Author Carvic leads us on a merry chase with an outcome that Miss Seeton’s fans will relish.

 

  1. WITCH MISS SEETON

 

I am an enthusiastic fan of the Miss Seeton books–especially the early ones by Heron Carvic. This book finds our Miss Seeton being made an official part of the police force, still in her role as occasional sketch artist to help the authorities with particular problems.

 

This time, there is a double plot at work–one involving black magic, witchery and the occult, and the other centered on a new religious sect called Nuscience whose principal goal seems to be to separate affluent members from their money and valuables. Of course, Miss Seeton find herself involved with both the witches and Nuscience and her duties become quite hazardous.

 

In truth, I didn’t find this book as laugh-out-loud funny as some other Miss Seeton books I have read recently. The plot is rather intricate and the author becomes enmeshed in a detailed description of both sinister plots and their inner workings. I found this section a bit tedious. Also, a central character is named Merilee (similar to my first name). Perhaps I am oversensitive, but in my experience this name is rarely found in literature, and when it is the character is often a bit off. This book follows that pattern–although this Merilee does redeem herself–at a cost–in the end.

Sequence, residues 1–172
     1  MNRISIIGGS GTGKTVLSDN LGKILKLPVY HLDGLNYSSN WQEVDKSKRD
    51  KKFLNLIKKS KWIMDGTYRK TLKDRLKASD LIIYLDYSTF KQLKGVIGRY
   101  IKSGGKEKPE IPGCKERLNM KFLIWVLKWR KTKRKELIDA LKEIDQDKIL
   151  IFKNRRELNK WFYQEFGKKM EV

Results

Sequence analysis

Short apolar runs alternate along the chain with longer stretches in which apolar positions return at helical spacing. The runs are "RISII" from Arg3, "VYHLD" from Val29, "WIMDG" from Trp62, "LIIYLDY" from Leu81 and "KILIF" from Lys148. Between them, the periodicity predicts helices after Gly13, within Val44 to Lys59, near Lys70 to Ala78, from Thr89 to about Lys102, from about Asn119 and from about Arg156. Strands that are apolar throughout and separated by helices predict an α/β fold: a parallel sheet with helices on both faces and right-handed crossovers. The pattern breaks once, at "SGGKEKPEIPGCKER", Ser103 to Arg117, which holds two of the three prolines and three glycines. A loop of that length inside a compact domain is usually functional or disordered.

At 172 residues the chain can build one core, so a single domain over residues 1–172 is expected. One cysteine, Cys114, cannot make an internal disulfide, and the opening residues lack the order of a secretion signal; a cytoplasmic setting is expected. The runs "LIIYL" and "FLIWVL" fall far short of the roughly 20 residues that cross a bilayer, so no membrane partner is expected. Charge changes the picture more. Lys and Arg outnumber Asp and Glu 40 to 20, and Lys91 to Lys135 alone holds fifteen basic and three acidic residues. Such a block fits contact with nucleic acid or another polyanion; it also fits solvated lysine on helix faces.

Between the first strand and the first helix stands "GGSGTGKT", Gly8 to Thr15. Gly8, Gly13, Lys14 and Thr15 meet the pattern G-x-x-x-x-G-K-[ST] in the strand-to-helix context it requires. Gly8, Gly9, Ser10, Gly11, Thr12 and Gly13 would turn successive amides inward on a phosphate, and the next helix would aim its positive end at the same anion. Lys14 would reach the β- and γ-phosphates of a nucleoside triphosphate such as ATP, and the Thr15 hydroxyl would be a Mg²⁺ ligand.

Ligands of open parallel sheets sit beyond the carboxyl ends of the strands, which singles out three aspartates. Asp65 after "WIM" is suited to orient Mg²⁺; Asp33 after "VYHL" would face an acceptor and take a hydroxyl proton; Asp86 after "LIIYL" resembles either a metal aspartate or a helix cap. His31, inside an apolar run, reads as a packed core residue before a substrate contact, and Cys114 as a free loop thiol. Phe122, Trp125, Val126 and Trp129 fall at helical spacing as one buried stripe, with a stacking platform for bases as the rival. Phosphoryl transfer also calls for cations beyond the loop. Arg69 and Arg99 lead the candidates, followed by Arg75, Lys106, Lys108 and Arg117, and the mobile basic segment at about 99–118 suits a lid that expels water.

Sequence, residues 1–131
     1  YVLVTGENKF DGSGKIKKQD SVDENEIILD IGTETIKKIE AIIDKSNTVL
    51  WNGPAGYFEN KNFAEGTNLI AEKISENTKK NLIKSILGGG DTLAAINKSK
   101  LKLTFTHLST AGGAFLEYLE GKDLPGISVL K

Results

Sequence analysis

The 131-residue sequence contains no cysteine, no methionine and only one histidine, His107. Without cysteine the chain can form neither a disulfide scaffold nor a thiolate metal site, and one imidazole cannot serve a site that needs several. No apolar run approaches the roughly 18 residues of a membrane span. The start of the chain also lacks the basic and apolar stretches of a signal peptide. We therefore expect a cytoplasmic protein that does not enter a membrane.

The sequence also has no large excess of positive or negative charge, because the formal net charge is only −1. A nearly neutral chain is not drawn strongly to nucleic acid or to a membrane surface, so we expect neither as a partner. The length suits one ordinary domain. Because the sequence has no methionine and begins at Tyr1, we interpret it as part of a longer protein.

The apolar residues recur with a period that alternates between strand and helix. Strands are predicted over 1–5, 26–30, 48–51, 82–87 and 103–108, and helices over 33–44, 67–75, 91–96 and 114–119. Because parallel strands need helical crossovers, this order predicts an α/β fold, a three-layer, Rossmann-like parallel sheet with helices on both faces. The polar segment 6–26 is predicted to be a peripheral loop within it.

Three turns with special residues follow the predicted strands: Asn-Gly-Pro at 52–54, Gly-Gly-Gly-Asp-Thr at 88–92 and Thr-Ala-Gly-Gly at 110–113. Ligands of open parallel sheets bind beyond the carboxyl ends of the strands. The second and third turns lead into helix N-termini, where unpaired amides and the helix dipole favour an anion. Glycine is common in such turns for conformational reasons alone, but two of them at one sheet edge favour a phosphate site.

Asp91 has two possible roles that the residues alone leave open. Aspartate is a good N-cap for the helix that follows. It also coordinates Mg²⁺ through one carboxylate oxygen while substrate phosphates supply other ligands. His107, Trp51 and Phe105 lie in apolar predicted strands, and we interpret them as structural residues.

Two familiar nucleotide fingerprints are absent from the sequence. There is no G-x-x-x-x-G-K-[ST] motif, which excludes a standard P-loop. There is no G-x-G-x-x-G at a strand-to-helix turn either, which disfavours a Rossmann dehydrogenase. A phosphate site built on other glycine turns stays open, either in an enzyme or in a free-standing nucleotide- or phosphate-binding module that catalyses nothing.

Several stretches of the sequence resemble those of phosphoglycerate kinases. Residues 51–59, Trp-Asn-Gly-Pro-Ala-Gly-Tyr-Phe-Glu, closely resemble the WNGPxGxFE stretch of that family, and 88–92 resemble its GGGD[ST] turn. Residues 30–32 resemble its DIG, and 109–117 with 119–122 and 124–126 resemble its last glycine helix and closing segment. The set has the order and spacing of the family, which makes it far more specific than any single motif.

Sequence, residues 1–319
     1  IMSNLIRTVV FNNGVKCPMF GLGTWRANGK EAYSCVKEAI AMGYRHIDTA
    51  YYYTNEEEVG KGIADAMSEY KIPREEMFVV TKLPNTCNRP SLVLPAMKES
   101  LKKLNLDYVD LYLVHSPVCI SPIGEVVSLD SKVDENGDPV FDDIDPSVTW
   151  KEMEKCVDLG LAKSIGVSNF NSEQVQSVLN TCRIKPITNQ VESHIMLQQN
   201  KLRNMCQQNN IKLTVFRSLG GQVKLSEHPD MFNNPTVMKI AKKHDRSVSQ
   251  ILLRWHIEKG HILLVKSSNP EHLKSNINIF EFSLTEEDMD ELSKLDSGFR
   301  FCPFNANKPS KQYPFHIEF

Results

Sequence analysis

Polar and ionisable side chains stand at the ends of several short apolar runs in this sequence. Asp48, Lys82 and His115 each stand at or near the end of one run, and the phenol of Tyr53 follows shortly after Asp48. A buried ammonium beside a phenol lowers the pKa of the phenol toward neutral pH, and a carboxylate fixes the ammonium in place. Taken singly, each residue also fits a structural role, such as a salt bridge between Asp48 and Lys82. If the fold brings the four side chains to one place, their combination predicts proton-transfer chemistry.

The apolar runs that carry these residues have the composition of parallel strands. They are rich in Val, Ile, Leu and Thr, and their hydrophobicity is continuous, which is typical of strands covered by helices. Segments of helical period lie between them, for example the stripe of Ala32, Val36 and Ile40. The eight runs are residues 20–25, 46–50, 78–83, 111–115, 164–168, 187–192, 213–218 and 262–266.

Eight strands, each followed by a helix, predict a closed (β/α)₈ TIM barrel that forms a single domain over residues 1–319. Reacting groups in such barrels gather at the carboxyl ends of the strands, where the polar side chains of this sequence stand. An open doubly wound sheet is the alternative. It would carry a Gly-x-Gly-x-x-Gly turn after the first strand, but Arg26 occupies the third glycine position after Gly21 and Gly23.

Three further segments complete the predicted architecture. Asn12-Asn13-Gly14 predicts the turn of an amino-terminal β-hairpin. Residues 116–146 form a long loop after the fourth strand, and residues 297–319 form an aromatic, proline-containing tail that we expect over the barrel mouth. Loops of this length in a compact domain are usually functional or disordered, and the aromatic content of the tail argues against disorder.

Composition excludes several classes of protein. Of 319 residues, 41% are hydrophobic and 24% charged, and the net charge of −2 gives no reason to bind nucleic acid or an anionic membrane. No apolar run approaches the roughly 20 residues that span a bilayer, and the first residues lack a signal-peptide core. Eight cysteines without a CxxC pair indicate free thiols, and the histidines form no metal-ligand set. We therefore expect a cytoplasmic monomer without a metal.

But back to the central character: in the course of her work Miss Seeton serves as a substitute teacher for a short time, and the story of how she interacts with the youngsters, turning their boredom into enthusiasm, is engaging. Since I spent several years as a teacher myself, I particularly enjoyed that aspect of the book.